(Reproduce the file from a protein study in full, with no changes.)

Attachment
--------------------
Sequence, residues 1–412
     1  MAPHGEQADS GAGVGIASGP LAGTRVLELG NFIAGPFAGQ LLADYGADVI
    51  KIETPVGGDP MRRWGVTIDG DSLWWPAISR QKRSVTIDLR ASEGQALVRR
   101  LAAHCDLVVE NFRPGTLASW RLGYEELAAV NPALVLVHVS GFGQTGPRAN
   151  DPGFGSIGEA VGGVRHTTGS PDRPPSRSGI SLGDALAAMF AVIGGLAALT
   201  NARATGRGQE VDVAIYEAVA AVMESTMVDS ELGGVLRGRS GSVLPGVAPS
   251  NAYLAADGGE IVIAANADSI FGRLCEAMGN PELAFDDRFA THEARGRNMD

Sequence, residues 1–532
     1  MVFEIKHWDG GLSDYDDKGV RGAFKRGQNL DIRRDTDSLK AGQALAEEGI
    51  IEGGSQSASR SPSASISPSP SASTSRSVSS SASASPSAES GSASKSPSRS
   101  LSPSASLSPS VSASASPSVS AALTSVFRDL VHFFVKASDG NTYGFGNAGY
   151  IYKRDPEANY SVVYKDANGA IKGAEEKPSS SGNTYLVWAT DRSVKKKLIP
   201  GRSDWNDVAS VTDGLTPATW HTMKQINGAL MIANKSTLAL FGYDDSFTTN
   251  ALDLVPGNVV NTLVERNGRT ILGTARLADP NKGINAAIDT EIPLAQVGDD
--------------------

Sequence, residues 1–412
     1  MAPHGEQADS GAGVGIASGP LAGTRVLELG NFIAGPFAGQ LLADYGADVI
    51  KIETPVGGDP MRRWGVTIDG DSLWWPAISR QKRSVTIDLR ASEGQALVRR
   101  LAAHCDLVVE NFRPGTLASW RLGYEELAAV NPALVLVHVS GFGQTGPRAN
   151  DPGFGSIGEA VGGVRHTTGS PDRPPSRSGI SLGDALAAMF AVIGGLAALT
   201  NARATGRGQE VDVAIYEAVA AVMESTMVDS ELGGVLRGRS GSVLPGVAPS
   251  NAYLAADGGE IVIAANADSI FGRLCEAMGN PELAFDDRFA THEARGRNMD

Sequence, residues 1–532
     1  MVFEIKHWDG GLSDYDDKGV RGAFKRGQNL DIRRDTDSLK AGQALAEEGI
    51  IEGGSQSASR SPSASISPSP SASTSRSVSS SASASPSAES GSASKSPSRS
   101  LSPSASLSPS VSASASPSVS AALTSVFRDL VHFFVKASDG NTYGFGNAGY
   151  IYKRDPEANY SVVYKDANGA IKGAEEKPSS SGNTYLVWAT DRSVKKKLIP
   201  GRSDWNDVAS VTDGLTPATW HTMKQINGAL MIANKSTLAL FGYDDSFTTN
   251  ALDLVPGNVV NTLVERNGRT ILGTARLADP NKGINAAIDT EIPLAQVGDD